Type 2 Diabetes Treatment with Stem Cell Therapy

The most common form of diabetes, type 2 diabetes is a chronic illness that is characterized by high blood sugar levels. It is caused by the problematic way in which your body uses or produces insulin. Insulin is necessary in transporting blood sugar, or glucose, to cells where it can be stored for later energy use.

Type 2 diabetes causes the body to become resistant to insulin. Cells do not respond to it and are deprived of blood sugar. Instead the sugar volume in the blood builds up, which is called hyperglycemia. The pancreas may increase insulin production but it does not rectify the problem.

Causes of type 2 diabetes are being very overweight with excess body weight around the waist, poor diet and a low activity level. Genetics and family history can be an indication of increased risk. Other diabetes risk factors include old age, high blood pressure, history of gestational diabetes, polycystic ovarian syndrome, impaired glucose intolerance and ethnicity, as African Americans, Hispanic Americans, and Native Americans present high diabetes incidences.

Diabetes symptoms are not always present but they can include blurred vision, fatigue, increased appetite, thirst and urination, slow-healing or frequent infections and erectile dysfunction.

Type 2 Diabetes can be Treated with New Stem Cell Therapy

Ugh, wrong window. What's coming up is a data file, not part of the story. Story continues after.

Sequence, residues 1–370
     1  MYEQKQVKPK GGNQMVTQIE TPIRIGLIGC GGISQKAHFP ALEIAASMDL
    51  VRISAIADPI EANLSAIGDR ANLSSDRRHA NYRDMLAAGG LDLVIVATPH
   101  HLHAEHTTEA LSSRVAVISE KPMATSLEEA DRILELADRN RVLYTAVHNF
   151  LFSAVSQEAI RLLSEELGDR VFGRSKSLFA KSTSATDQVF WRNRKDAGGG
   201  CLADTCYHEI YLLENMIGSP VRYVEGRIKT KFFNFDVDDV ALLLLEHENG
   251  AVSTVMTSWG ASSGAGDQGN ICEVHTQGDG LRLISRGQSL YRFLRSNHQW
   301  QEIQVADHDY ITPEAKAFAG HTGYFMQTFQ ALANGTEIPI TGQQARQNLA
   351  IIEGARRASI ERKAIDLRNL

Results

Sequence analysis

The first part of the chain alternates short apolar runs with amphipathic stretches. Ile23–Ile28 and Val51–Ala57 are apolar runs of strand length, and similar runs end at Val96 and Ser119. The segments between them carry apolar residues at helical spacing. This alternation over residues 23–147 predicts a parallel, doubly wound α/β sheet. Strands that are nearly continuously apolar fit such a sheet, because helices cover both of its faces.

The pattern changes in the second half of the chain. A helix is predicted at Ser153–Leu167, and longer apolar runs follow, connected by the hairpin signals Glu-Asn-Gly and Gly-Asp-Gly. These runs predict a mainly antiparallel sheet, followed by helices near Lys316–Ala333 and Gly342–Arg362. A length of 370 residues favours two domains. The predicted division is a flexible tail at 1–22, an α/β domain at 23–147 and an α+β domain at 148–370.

Adult stem cells, undifferentiated and adaptable, are able to change into the cells of countless organs and structures within the human body. Many therapies use stem cells as they can restore damaged structures and rejuvenate failing cells very effectively. They do this through cell division, a process in which they multiply indefinitely. Stem cell science has seen considerable advancements in the last few years with many new developments and discoveries being made.

Cartilage and its functions can become damaged. This can be caused by various things such as a bad fall, a traumatic sports accident, previous knee injuries or general wear and tear that worsens over time. Long term immobilization can result in cartilage damage as well.

Articular cartilage damage of the knee can be present on its own but it is usually found alongside ligament injuries. Those who have had previous surgeries have an increased risk of cartilage damage because the mechanics of the joint may have changed.

Once cartilage has been damaged it usually does not regenerate by itself. This information was first recorded by William Hunter in 1743.






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